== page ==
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<h1>Aimee Mullins</h1>
<small>2009-03-07</small>
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<p>
	One of the best talks I saw at <a href="http://www.ted.com/">TED</a> was by <a href="http://www.aimeemullins.com/about.php">Aimee Mullins</a>.
</p><p>
	She was wearing a skirt, but it took a couple minutes before I realized that her legs were artificial.
	Both of her legs were amputated below the knee when she was one year old.
</p><p>
	Aimee told two stories:
</p><p>
	Recently she was speaking at a grade school, and before she walked in, she overheard the teacher tell the kids, “Make sure you don’t look at her legs! It’s rude.” 
</p><p>
	So she started her talk by having all the kids gather around to feel her legs, and ask anything.
</p><p>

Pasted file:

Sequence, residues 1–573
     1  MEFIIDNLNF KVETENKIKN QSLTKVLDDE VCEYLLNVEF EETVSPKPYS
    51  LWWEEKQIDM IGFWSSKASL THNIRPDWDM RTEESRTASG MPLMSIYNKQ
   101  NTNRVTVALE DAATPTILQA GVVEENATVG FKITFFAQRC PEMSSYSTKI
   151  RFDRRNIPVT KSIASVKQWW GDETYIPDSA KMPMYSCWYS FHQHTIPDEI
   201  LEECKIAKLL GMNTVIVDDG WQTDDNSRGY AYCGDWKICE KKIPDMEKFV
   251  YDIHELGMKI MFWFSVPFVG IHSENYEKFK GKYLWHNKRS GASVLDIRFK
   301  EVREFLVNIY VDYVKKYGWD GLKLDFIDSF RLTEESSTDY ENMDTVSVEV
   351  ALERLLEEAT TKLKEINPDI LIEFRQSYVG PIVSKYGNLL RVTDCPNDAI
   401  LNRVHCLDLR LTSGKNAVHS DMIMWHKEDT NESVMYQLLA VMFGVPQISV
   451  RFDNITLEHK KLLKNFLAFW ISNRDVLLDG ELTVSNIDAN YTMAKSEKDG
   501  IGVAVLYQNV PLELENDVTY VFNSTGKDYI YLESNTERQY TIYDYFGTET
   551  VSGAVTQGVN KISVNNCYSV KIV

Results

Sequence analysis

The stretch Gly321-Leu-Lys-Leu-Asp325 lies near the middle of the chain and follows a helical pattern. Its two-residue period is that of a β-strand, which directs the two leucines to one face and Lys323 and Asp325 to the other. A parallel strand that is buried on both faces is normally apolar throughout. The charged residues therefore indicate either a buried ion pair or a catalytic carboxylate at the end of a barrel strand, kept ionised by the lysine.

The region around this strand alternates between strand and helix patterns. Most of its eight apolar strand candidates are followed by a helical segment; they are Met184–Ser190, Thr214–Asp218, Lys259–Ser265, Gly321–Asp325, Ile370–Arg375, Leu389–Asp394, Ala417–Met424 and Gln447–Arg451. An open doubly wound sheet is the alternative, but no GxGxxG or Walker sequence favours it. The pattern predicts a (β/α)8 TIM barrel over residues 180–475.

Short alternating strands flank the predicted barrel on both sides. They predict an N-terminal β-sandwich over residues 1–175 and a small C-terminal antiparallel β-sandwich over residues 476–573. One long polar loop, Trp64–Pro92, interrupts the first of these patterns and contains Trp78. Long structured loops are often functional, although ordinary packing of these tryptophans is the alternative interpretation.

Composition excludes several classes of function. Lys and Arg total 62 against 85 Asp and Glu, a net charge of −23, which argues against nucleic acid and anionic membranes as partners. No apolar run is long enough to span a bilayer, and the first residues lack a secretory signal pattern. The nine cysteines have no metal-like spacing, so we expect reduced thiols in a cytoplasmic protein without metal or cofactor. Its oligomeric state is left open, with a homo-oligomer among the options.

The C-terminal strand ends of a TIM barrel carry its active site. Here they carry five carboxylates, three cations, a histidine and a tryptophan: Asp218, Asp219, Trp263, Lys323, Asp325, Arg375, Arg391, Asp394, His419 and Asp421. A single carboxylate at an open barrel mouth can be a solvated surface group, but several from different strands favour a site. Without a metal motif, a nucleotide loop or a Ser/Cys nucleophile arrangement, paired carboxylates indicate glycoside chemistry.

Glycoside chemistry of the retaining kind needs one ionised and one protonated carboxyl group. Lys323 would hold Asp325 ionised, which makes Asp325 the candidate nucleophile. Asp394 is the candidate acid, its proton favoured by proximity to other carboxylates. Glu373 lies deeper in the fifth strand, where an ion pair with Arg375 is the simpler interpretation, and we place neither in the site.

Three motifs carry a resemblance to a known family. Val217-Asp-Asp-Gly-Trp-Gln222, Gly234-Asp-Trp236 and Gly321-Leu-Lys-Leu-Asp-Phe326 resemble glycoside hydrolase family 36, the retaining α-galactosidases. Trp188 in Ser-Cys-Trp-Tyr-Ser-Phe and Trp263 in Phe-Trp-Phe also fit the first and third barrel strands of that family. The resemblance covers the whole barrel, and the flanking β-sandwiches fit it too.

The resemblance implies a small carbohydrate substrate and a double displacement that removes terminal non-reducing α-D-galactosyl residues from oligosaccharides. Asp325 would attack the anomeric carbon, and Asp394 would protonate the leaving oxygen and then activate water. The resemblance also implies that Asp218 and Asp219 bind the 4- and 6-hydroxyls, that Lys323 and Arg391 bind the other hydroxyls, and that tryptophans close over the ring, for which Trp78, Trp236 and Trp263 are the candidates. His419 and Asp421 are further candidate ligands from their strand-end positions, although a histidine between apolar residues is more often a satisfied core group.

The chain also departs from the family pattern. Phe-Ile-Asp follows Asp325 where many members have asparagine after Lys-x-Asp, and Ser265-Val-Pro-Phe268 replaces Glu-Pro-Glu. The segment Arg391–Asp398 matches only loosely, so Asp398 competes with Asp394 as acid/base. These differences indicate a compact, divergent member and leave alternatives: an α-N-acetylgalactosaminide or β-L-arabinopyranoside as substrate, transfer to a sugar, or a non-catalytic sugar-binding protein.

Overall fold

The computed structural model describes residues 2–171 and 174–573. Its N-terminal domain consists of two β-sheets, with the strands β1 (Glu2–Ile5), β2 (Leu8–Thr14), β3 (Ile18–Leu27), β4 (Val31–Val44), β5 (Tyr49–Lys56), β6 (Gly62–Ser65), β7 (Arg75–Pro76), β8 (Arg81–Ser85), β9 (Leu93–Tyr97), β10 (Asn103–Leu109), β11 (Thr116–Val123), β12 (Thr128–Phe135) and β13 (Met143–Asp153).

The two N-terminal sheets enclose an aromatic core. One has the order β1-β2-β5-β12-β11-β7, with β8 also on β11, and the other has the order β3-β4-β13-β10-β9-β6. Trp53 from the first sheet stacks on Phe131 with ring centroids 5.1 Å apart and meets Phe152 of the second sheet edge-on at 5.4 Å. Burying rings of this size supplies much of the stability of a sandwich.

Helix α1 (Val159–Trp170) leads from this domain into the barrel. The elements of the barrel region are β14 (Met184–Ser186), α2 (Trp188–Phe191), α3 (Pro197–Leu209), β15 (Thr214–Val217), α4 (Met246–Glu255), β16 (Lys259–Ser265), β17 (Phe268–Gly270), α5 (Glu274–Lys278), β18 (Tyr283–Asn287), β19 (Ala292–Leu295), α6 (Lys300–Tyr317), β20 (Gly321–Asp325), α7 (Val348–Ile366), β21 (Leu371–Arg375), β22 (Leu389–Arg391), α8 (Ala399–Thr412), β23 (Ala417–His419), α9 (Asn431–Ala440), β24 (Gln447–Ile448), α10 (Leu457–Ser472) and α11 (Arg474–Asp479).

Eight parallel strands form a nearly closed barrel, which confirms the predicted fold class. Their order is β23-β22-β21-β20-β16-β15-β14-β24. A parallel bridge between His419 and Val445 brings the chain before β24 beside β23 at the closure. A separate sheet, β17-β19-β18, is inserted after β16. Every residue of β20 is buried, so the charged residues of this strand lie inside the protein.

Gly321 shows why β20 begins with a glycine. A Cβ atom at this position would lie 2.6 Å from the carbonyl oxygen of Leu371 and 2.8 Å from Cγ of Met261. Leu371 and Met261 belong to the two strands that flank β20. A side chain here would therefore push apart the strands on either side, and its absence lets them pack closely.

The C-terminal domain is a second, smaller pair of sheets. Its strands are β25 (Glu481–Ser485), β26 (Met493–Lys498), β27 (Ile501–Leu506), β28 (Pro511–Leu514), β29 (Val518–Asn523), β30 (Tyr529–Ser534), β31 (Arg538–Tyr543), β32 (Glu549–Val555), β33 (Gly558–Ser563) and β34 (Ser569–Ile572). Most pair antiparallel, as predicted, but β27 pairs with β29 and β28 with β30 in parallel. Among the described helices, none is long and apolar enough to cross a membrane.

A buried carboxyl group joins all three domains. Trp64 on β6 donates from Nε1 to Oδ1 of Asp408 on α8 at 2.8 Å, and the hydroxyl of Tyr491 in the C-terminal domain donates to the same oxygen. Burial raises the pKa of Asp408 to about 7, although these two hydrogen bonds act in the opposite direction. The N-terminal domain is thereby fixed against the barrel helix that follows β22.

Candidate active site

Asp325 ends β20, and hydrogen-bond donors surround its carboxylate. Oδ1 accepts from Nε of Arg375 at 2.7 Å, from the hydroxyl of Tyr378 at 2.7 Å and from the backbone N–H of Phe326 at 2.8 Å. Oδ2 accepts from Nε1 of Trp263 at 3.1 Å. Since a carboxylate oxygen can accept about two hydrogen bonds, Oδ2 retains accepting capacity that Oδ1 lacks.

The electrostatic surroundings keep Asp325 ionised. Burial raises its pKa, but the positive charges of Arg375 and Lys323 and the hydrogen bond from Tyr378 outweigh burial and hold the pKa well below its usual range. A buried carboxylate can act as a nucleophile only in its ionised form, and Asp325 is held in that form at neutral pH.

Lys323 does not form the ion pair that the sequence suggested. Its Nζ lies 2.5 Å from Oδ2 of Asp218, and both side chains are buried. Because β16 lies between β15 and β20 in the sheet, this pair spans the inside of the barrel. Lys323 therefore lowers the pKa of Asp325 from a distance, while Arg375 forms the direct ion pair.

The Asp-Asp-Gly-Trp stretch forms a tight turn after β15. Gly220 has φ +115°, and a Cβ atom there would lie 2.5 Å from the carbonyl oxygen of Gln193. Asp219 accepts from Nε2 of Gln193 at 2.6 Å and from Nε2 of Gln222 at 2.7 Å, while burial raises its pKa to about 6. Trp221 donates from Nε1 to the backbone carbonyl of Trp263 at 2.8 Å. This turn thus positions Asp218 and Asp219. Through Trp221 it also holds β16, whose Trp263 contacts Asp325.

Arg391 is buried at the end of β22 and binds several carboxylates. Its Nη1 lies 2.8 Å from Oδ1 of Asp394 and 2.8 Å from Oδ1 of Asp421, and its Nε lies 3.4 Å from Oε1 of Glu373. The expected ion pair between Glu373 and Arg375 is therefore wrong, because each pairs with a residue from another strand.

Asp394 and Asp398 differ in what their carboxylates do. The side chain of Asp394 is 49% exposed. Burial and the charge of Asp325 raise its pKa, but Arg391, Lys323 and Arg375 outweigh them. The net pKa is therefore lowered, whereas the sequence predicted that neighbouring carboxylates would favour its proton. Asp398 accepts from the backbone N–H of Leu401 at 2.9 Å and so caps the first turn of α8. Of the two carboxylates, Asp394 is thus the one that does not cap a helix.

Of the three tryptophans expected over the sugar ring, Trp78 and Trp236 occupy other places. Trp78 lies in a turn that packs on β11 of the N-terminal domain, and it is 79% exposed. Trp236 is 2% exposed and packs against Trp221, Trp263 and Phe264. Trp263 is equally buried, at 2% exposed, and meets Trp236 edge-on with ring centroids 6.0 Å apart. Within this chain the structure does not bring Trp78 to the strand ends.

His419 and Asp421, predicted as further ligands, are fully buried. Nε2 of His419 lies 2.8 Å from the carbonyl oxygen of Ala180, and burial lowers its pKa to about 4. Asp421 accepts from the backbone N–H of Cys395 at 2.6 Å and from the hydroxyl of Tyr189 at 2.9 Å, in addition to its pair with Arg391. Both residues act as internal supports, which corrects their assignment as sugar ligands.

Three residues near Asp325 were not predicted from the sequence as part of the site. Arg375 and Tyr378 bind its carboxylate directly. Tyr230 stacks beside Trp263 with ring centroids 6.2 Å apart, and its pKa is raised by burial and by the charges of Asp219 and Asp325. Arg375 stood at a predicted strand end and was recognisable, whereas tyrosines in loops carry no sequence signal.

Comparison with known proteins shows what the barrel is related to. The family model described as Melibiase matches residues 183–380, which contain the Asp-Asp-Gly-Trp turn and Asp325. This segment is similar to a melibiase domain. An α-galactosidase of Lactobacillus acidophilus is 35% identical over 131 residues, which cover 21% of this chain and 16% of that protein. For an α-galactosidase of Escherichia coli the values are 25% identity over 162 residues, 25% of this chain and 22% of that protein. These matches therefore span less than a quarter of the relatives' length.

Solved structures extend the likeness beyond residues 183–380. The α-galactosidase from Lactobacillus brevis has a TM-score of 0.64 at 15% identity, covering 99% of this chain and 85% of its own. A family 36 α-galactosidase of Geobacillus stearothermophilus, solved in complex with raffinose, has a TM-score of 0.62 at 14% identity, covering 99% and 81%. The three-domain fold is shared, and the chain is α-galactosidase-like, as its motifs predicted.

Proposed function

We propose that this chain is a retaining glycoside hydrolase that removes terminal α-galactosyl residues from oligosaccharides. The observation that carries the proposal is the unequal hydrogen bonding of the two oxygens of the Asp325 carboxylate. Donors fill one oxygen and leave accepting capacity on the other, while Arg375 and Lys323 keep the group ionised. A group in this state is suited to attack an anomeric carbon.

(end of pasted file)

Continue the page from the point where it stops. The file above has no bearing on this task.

Later she asked the class, “If I wanted to jump over a house, what kind of legs would I need?”
	The kids brainstormed springs and kangaroos, before one kid asked, “Why would you only jump over a house? Why not a skyscraper?”
</p><p>
	She loved that their perception of her was as a superwoman, not a disabled woman.
</p><p>
	Later, she was out to dinner with friends wearing a new pair of legs.
</p><p>
	Her friend said, “Why are you so tall today?”
</p><p>
	She said, “New legs. I’m six-foot-one in these.”
</p><p>
	Her friend, with no irony, said, “But... that’s not fair!”
</p><p>
	I love it.
	Even among friends, she’s seen as having an unfair advantage.
</p><p>
	It makes me wonder what things you call a handicap could also be seen as an advantage.
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